Jane, a supermarket member, has lived in the Pepys Estate for 30 years. When asked if she had seen a change in the use of the community centre during the Coronavirus pandemic, she responded:
“This is such a valued project in the community because you know there’s a lot of people who are quite vulnerable and its really taken off. For me, I’ve had the virus, I really wasn’t well and they really helped me because they delivered food. I’m on my own so I would never have been able to get out to get any food. So its been brilliant”
“I hope it carries on, more and more people are hearing about it and using so it is obviously quite popular”
“Its the best thing they have done, this is helping a lot of families. It helps having all these different cultural foods, you have your yam and plantain, everything that you get from here you can use to make something, tomatoes, onions, eggs, if you’re a good cook, you’ve got breakfast, lunch and dinner.”
A major donor to the project is Action Against Hunger, who gave a £5000 award to help ensure that the supermarket members get fed, while Pepys themselves set up a Go Fund Me page which has so far raised just over £6000. Individuals also donate huge quantities of food, members of The Hillsong Church deliver around 100 – 150 kg of food and Jacqui Shimidzu from The Hill Station (a cafe who also have their very own food project ‘Feed The Hill‘) donated children’s books and teenage diaries and grocery supplies as well in two huge one off donations.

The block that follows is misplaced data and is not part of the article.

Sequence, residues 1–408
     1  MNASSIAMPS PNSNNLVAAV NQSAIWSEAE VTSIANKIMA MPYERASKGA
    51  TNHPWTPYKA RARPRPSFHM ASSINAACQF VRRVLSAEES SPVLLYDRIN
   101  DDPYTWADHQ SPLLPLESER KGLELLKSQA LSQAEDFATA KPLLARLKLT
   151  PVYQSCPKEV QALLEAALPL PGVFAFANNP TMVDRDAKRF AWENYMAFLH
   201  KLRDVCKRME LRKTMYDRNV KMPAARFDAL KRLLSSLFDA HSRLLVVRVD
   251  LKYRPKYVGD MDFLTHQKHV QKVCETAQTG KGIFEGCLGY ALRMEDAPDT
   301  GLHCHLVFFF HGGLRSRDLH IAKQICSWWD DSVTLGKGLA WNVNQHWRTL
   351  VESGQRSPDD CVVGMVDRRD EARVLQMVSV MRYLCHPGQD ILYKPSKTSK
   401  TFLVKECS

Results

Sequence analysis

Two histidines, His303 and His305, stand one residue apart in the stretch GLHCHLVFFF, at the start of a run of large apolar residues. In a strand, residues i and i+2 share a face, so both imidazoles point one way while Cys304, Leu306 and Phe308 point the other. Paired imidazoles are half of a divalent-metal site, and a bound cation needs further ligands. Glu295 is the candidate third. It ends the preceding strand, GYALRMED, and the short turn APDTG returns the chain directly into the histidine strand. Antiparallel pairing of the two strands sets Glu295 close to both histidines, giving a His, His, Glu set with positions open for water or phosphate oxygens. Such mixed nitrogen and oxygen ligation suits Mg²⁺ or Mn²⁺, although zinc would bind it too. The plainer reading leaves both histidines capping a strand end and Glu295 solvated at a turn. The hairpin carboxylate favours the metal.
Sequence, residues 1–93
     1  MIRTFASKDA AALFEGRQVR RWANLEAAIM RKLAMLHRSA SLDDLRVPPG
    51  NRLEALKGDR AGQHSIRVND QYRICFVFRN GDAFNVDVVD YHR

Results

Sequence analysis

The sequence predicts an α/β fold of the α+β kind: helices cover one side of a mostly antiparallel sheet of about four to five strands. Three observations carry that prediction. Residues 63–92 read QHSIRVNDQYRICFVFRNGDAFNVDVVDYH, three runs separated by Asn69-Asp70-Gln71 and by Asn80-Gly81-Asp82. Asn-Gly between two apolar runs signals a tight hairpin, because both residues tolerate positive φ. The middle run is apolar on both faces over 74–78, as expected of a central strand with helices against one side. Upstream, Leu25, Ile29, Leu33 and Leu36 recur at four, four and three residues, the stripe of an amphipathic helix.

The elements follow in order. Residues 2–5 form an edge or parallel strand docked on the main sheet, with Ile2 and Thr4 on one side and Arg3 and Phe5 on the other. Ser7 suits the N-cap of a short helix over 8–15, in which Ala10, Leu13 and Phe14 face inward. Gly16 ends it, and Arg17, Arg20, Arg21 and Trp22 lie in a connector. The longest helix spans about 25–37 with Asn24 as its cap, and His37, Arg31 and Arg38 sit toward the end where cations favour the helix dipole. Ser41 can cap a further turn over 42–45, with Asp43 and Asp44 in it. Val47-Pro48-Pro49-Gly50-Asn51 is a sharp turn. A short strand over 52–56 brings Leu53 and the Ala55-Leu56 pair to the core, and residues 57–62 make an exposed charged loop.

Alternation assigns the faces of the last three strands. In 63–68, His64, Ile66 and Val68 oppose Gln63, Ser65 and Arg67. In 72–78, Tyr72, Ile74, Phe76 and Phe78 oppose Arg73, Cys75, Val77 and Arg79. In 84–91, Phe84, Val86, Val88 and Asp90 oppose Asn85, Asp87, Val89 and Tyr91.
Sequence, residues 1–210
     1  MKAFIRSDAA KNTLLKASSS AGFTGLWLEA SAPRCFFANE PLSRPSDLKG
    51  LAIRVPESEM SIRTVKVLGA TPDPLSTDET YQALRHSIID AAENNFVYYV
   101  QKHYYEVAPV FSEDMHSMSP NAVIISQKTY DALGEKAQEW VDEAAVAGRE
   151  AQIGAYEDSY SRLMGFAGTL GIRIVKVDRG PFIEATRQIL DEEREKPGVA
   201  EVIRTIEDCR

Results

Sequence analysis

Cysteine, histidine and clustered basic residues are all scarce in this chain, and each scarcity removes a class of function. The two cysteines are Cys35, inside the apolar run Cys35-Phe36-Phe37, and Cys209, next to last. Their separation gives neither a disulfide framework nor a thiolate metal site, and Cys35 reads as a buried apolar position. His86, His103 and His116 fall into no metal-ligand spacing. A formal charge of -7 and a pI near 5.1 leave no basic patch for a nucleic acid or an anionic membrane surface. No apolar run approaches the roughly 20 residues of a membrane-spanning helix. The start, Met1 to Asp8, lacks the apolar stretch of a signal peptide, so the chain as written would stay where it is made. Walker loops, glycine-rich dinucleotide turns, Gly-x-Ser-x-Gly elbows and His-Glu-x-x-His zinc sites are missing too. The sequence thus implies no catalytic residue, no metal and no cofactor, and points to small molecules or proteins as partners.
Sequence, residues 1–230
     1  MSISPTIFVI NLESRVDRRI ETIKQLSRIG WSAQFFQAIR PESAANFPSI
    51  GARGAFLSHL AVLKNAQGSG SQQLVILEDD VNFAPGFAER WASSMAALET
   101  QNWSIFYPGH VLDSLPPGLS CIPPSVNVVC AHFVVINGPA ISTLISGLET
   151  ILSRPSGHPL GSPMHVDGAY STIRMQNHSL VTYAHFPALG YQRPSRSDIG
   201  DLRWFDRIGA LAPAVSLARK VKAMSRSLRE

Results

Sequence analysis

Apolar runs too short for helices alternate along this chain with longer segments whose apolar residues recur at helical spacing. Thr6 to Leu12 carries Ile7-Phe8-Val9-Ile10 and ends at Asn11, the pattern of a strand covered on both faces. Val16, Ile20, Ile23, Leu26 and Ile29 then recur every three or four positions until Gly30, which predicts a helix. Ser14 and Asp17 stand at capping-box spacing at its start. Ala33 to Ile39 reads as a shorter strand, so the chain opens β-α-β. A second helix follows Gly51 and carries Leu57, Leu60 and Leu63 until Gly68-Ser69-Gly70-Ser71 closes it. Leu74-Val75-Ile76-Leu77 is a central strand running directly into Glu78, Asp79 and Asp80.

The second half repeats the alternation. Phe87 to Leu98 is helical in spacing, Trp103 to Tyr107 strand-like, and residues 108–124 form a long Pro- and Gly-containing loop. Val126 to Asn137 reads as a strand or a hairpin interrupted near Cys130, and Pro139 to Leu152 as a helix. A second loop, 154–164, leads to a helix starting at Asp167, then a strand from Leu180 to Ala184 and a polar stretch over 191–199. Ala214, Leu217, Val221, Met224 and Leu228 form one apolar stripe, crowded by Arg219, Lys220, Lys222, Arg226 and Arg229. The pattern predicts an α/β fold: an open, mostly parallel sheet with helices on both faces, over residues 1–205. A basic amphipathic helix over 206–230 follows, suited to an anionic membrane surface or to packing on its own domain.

Food donations also come from GCDA who delivered meals to the project while restaurant chain Hawksmoor were regularly donating meals in Tupperware but are now donating ingredients. Hawksmoor are still completely committed to helping the project and are hoping to set up an apprenticeship scheme with young people from the area in their restaurants.
As well as all of the above donations, each week Richard Bell from The Bear Church in nearby Deptford delivers culturally specific food such as yams and plantain from the market to both social supermarkets at Pepys and Evelyn. We spoke with Richard about the donation process.
Richard Bell, The Bear Church:
“So, for us at The Bear Church, we had to stop doing our evening service (a weekly soup kitchen) due to the pandemic and we were looking at ways to continue dealing with food poverty in the area. We had a budget set aside for just that and we wanted to find an outlet for this money during the lockdown. We encouraged people in the congregation to give to The Bear with the money expressly earmarked for food poverty. In combination with this, Lewisham Local donates a considerable amount of money they receive from Merchant Taylors.
“So with the total we approached both Pepys and Evelyn Social Supermarkets and explained that we could buy, donate and deliver fresh fruit and vegetables for them from our existing connection with Phil at Deptford Market and asking whether that would work. We began the partnerships thinking we could only do a month and it has now been nearly six months! In short, I pay Phil from Deptford Market who delivers the food to The Bear Church, I then use my car to drive the food crates over to Evelyn and Pepys each Friday morning”
If you are feeling inspired to lend a hand volunteering at Pepys Social Supermarket or you would like to make a referral to become a supermarket member, you can do both by clicking here.
You can find Pepys Social Supermarket on Facebook and Twitter below: